Children (younger than 18 years)
Safety, efficacy, and dosing have not been systematically studied in children.
SafetyDISCLAIMER: Many complementary techniques are practiced by healthcare professionals with formal training, in accordance with the standards of national organizations. However, this is not universally the case, and adverse effects are possible. Due to limited research, in some cases only limited safety information is available.
Avoid in individuals with a known allergy or hypersensitivity to algin and/or its derivatives.
Side Effects and Warnings
Currently, there is a lack of available scientific evidence regarding algin's safety and potential side effects. Algin is likely safe when taken by mouth in amounts typically found in foods. However, it is possibly unsafe when used in pregnant women. Laminaria digitata, a species which algin can be derived from, has been used as an aid in cervical dilation.
Pregnancy and Breastfeeding
Interactions with Drugs
The fiber in algin may impair the body's ability to absorb oral drugs. Patients taking any medications should consult with a qualified healthcare professional, including a pharmacist, before taking algin.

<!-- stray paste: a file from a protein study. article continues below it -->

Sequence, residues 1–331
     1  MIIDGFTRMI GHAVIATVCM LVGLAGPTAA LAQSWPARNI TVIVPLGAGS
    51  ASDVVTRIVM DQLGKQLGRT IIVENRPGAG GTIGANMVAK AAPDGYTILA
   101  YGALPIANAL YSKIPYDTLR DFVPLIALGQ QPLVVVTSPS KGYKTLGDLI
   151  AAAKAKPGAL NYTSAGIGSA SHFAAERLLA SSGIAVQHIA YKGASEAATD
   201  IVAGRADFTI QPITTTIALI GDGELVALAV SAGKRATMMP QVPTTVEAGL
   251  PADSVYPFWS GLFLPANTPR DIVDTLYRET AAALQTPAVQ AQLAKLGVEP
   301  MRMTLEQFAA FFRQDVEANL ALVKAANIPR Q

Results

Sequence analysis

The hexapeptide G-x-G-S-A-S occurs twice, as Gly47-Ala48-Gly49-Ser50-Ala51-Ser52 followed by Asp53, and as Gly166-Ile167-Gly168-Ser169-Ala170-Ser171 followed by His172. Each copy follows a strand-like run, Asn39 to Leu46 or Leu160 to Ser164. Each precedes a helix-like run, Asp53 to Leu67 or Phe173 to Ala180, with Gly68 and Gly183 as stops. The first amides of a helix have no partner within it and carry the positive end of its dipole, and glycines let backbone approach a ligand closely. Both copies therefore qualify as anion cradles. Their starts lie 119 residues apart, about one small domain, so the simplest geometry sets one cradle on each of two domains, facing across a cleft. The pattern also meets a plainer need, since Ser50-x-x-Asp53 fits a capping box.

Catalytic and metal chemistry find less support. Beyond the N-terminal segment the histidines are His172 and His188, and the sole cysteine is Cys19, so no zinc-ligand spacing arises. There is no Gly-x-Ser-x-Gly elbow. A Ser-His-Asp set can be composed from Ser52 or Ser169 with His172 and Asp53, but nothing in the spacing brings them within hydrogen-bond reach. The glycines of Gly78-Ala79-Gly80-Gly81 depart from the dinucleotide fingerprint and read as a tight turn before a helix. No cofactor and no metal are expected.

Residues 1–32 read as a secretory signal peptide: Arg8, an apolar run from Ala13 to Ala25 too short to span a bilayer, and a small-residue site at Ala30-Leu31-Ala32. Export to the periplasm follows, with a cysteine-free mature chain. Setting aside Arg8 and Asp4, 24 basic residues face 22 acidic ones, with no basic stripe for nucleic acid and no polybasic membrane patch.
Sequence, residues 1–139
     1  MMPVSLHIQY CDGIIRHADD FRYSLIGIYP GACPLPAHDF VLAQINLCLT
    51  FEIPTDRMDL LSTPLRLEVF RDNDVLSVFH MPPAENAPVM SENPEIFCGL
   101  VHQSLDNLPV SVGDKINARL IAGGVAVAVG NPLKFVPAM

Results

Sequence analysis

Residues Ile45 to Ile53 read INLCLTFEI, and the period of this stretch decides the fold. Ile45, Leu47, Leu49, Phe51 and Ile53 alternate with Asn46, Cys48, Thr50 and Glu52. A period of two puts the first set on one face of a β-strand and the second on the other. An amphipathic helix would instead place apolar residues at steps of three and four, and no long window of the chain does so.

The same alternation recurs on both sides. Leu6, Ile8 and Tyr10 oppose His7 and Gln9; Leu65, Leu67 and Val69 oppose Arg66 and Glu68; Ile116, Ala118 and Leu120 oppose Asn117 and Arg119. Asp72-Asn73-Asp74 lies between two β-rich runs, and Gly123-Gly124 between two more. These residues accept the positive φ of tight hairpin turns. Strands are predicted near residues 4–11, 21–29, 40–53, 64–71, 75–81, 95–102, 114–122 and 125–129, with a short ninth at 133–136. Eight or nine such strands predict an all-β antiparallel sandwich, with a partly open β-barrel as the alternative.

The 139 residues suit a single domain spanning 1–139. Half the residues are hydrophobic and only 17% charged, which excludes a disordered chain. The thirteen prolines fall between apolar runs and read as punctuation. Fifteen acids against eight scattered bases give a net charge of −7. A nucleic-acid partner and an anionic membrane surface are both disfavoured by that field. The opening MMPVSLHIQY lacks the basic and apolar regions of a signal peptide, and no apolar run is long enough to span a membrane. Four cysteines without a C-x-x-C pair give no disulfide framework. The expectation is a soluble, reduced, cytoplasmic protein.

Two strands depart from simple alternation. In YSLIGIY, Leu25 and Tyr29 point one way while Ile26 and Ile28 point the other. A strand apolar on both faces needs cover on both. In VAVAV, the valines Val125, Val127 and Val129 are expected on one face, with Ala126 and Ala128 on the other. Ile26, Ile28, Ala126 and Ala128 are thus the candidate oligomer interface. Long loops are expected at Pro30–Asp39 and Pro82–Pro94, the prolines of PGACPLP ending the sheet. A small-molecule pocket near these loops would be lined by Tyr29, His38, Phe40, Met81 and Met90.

Interactions with Herbs and Dietary Supplements
The fiber in algin may impair the body's ability to absorb oral herbs and supplements. Patients taking any herbs or supplements should consult with a qualified healthcare professional, including a pharmacist, before taking algin.
This information is based on a professional level monograph edited and peer-reviewed by contributors to the Natural Standard Research Collaboration (www.naturalstandard.com): Chi Dam, PharmD (Northeastern University); Nicole Giese, MS (Natural Standard Research Collaboration); Dana Hackman, BS (Northeastern University); Tamara Milkin, PharmD (Northeastern University); Phoung Ngo PharmD (Massachusetts College of Pharmacy); Erica Seamon, PharmD (Nova Southeastern University); Shaina Tanguay-Colucci, BS (Natural Standard Research Collaboration); Catherine Ulbricht, PharmD (Massachusetts General Hospital); Wendy Weissner, BA (Natural Standard Research Collaboration); Lisa Wendt, PharmD (University of Albany); Jen Woods, BS (Northeastern University).
BibliographyDISCLAIMER: Natural Standard developed the above evidence-based information based on a thorough systematic review of the available scientific articles. For comprehensive information about alternative and complementary therapies on the professional level, go to www.naturalstandard.com. Selected references are listed below.